My favorite part of this one is when Donald Duck first realizes that he is lost.  First, he notices that all the birds have right triangles for beaks.  Then he sees that the trees look kind of strange.  He walks right up to one of them, and says in his ducky voice, “Well, whatdayaknow?  Square Roots!”

I thought that line was hilarious.  You can only imagine how stoked I was when I got to actually learn about square roots in school.  “Square roots!” I would shout in my math class while working on problems.

“You’re weird!” random pretty girls would say back to me.

Sorry.

I’m getting off topic.

I’ve been thinking a lot about ROOTS lately…

The Roots

"Roots! Bloody roots!" - Sepultura

"Don't forget your roots!" - H2O

A friend of ours just visited us from Japan.  She moved out there with her boyfriend a year ago.

She mentioned to us that in the time she’s been back in the USA, she’s started to feel homesick.  That’s a funny kind of thing.  A girl born and raised in Sunnyvale missing her home… Her home of one year.  Japan!

It’s funny.

It’s funny how our sense of home can change.

It’s funny how I can relate.

You know that I grew up in the Santa Cruz Mountains.  Ben Lomond, California, to be specific.  To those who I figure don’t know, or don’t care to know, about Ben Lomond… I just tell them I’m from Santa Cruz.  Not entirely true, but close enough.

Though I never lived in the city of Santa Cruz, I guess I could consider it my “home town”.  From the time I was old enough to ride the bus on my own, Santa Cruz was my play ground.  Once I learned how to drive, it was on.

Walking Pacific Avenue just to see what I could see.

Hitting up the Boardwalk to seek a thrill.

Working at the Boardwalk… and Juice World… and Streetlight Records… to get some scratch.

Going to punk rock shows.

Playing punk rock shows.

Cruising in the 1985 Honda Accord hatchback with my buddies from West Cliff to East Cliff and back.

Bonfires on the beach.

Bar hopping.

Santa Cruz is where I grew up.

Ben Lomond, however, is my home…

Well…

Ben Lomond was my home.

In 2002, while I was getting my credential at San Jose State, my folks sold the house in Ben Lomond and moved to Reno, Nevada.  Good for them.  The house is really nice.  Good for me.  When I go to Reno, I don’t have to pay for a hotel room.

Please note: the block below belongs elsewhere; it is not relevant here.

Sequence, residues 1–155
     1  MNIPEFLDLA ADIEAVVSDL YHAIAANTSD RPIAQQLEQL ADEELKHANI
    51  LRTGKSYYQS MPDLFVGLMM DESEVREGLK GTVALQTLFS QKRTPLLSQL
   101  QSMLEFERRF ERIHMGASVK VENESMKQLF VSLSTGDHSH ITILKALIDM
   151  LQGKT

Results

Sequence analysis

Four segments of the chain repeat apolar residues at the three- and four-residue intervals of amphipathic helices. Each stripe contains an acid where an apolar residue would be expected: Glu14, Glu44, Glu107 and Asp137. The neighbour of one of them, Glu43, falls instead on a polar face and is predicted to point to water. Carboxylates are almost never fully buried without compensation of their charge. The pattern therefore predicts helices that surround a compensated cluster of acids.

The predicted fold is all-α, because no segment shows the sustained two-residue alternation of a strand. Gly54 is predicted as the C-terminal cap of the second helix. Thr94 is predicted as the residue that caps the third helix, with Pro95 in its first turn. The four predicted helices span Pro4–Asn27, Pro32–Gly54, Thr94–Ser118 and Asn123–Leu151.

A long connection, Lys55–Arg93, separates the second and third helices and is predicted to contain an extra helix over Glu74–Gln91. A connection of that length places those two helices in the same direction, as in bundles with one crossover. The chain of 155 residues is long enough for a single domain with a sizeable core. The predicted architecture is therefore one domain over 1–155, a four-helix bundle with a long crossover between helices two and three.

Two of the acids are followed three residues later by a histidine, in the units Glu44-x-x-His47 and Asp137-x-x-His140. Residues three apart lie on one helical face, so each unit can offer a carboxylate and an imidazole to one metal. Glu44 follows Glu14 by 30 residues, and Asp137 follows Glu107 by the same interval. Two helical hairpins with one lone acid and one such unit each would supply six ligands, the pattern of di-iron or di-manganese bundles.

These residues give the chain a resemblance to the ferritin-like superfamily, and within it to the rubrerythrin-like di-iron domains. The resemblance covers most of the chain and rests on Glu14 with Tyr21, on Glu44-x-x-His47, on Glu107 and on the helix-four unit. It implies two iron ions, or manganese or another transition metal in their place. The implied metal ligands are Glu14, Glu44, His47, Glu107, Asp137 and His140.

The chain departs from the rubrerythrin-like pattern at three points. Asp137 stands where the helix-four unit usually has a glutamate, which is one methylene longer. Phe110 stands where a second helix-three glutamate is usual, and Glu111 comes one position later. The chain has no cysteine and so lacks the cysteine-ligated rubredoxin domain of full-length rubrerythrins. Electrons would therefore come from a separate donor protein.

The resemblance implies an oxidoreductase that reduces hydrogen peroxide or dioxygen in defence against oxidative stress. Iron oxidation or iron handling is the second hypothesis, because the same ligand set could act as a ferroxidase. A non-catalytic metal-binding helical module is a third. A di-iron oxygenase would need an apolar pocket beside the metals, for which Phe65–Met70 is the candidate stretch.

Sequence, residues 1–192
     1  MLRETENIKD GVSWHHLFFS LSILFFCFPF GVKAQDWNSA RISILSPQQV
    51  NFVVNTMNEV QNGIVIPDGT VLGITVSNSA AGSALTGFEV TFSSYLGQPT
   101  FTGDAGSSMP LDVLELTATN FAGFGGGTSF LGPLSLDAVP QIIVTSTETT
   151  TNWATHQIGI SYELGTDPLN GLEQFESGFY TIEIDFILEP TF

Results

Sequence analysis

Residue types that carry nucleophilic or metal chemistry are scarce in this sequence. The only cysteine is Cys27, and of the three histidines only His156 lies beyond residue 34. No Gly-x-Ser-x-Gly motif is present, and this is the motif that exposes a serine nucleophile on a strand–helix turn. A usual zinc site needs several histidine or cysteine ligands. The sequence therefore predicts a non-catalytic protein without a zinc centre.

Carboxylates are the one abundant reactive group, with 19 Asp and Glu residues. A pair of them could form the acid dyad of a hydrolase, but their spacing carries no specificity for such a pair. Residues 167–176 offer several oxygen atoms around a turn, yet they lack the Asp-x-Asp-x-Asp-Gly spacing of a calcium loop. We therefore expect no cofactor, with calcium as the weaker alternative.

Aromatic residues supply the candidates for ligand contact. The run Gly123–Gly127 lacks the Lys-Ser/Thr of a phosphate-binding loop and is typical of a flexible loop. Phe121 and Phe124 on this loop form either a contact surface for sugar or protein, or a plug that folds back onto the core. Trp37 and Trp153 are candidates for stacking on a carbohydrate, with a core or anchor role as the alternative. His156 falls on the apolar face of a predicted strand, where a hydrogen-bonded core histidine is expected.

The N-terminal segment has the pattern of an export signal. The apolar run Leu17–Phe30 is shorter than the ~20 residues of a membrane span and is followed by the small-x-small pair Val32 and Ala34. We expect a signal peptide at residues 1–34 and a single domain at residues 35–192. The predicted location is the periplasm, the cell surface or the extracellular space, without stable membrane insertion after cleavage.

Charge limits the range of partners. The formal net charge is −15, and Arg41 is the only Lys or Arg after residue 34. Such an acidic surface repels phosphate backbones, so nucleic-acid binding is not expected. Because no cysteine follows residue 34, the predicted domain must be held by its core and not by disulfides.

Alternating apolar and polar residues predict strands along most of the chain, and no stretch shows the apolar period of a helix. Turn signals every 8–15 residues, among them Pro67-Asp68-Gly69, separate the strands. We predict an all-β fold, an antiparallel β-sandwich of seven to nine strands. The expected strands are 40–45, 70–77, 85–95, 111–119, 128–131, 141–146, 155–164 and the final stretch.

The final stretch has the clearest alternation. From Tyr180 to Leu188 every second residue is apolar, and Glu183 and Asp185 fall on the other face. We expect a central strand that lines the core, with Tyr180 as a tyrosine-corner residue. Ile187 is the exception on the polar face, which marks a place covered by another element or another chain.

But…

In a way…

Bad for me.

Bad for me because now that my parents don’t live in Ben Lomond any more, I don’t have a reason to go back to my home town.

As far as Santa Cruz goes, there are plenty of reasons to go there… I just don’t.  At least… not as often as I should.

It’s funny.

It’s funny that over the last 10 years San Jose has become my new home.

It’s where I went to college.  It’s where I made my career.  It’s where I fell in love.

It’s funny that for the last two years, I’ve lived in Morgan Hill.  It’s where I bought a home.  It’s where I got married.  It’s where I spend all my time.

It’s where I write this blog.

But let’s get back to my roots.

This morning, Kara and I went for a run…

in Santa Cruz.

Here are some pictures that Kara took with her phone (I should get one of those)…

West Cliff

Natural Bridges

It was such a beautiful, relaxing run.

We started at Lighthouse Beach State Park, right next to the Surfer Boy Statue.  The run took us along the West Cliff trail to Natural Bridges and back.

It was beautiful.

I saw the Monterey Bay.

I saw the birds, and mussels, and ice plants.

I saw the people.

The locals.  I was one once.

The tourists.  I am one now.

Dogs.

Bikes.

And I smelled it.  The ocean.  The briny briny sea.

It made me think of scallops.

It made me want some food.

Food!

Let’s do this!

After the run, Kara and I drove over to 99 Bottles on Walnut Ave. (between Pacific and Cedar) in downtown SC.

We sat on the patio…

99 Bottles of Beer on the Wall

Here’s what I had…

Big Daddy IPA

The 99 Burger

Pickles, onions, tomato, lettuce, and the secret mustard-mayo sauce.

The beer was great.  Nice and hoppy up front, with a crisp finish.  The perfect beer to go with a burger.

The burger?  Meh… It was all right.  The condiments were really nice, but the actual burger… It wasn’t that great.  The meat was a little over-cooked.  It came off as being really crumbly.  I think whoever formed the burger from the ground beef squished it a little too much.  It’s the type of burger that you need a good beer with… to make you forget it.

Look…

Lunch was nice, and I really enjoyed going back to my roots… back to Santa Cruz…

BUT…

I was itching to leave.

I was ready to go home.

HOME.

Morgan Hill, California.

Stay Rad,

Jeff

Bringing the Wine. Calling the Bluff.

July 25, 2011

At the end of a recent post, I found this comment…

“Dave Thevegetarian Says:
July 23, 2011 at 4:36 pm | Reply   edit

If I would have known my meal would be featured on Stay Rad, I would have picked more handsome looking menu.  I demand you come back soon for another night of vegetarian goodness.  Don’t blow this by not bringing more wine.

Thanks,

Dave Thevegetarian

PS – Seriously.  Bring more wine.  I’m running low.”

Later that day, Dave texted a picture of grilled halloumi to me, via my wife (I don’t own a cell phone), with the message, “Come on over… and bring the wine.”

Never having been one to back down from a challenge, I yanked two random (yet related) bottles of wine from the rack, grabbed Kara by the hand, jumped in the car, and shouted, “It’s on!”

Kara began to shake her head.  “Again?!?!”

Once we arrived at the House of Thevegetarian, I reached into my fanny pack to see which wines I had picked…

A Cabernet Sauvignon/Syrah and a Syrah. Who'd a thunk it?

Since there was no halloumi left, we jumped right into the wine.

First up…

Montgras 2009 Reserva Cabernet Sauvignon - Syrah